Crews have restored power for thousands of Columbia residents, after a major winter storm caused extensive outages in mid-Missouri. Columbia’s outage map was clear Monday morning, and a press release from the city Sunday said only around 100 people were still without power then.
City crews worked throughout the weekend, with around 9,000 total customers affected by the weather since Friday. Large numbers of outages were caused by felled trees and limbs on power lines.
Columbia Public Schools and Jefferson City Public Schools were closed Monday, as was the University of Missouri.
The City of Columbia tweeted that the American Red Cross again set up an emergency overnight shelter at Broadway Christian Church to assist residents without power and in need of a warm place to spend the night.
Columbia was part of the area hit hardest by the storm, with snow accumulation totaling between 15 and 20 inches. The Columbia Regional Airport recorded 16.22 inches of snowfall during the storm.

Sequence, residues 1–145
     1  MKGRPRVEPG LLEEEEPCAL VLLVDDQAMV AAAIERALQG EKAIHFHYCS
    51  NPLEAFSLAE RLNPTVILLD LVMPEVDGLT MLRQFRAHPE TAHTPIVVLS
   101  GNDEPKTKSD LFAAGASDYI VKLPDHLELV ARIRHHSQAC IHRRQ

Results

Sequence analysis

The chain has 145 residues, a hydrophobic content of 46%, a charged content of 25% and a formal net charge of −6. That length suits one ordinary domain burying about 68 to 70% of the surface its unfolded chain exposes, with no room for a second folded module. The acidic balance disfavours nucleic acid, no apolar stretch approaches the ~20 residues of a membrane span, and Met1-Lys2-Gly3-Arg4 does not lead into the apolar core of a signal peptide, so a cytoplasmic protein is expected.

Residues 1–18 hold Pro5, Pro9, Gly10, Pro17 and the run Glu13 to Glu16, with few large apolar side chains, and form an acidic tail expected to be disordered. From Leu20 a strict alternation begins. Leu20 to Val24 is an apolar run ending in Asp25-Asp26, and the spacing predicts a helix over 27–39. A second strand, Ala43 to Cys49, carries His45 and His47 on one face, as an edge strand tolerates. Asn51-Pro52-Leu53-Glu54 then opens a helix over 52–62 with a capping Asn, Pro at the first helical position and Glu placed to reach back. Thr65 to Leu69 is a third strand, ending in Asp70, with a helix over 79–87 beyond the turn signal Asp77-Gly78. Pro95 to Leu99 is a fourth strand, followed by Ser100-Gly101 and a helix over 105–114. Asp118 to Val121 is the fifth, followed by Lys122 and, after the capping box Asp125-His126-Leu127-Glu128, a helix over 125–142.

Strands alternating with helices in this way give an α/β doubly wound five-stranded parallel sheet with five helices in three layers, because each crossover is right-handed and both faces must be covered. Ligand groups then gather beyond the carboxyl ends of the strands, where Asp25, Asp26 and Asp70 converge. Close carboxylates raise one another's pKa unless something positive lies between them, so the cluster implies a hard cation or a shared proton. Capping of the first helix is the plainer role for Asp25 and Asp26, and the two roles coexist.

It’s the most snow the region has seen in several years. Columbia got 23 inches of accumulation in February of 2011, and more than 45 inches overall that winter.
The area could see another winter storm this weekend as well — our partners at KOMU report another system could move through mid-Missouri Friday.
State-wide, tens of thousands remained without power after the weekend's storm, which lead to the deaths of at least three people. Kansas City Power & Light said more than 45,000 customers still had no power Monday morning.
The Missouri State Highway Patrol says 53-year-old Deann Phillips and 14-year-old Olivia Phillips died Friday when their vehicle lost control on a snow-covered roadway and collided with a tractor-trailer on Missouri 7 in Clinton.
The patrol says 32-year-old Hope Wilson also was killed Friday when she lost control of a car on a snowy stretch of U.S. 24 in Carroll County.